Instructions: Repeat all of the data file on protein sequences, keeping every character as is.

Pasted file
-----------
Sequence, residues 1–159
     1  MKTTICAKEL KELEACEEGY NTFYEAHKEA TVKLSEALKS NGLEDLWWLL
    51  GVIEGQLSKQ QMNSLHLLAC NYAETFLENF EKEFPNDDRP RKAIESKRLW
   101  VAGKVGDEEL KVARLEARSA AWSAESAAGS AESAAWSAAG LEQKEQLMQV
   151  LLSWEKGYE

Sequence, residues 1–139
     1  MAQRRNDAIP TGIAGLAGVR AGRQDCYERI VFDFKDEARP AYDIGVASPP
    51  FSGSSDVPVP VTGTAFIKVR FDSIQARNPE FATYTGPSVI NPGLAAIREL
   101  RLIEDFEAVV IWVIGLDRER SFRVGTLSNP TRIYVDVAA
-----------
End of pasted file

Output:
Sequence, residues 1–159
     1  MKTTICAKEL KELEACEEGY NTFYEAHKEA TVKLSEALKS NGLEDLWWLL
    51  GVIEGQLSKQ QMNSLHLLAC NYAETFLENF EKEFPNDDRP RKAIESKRLW
   101  VAGKVGDEEL KVARLEARSA AWSAESAAGS AESAAWSAAG LEQKEQLMQV
   151  LLSWEKGYE

Sequence, residues 1–139
     1  MAQRRNDAIP TGIAGLAGVR AGRQDCYERI VFDFKDEARP AYDIGVASPP
    51  FSGSSDVPVP VTGTAFIKVR FDSIQARNPE FATYTGPSVI NPGLAAIREL
   101  RLIEDFEAVV IWVIGLDRER SFRVGTLSNP TRIYVDVAA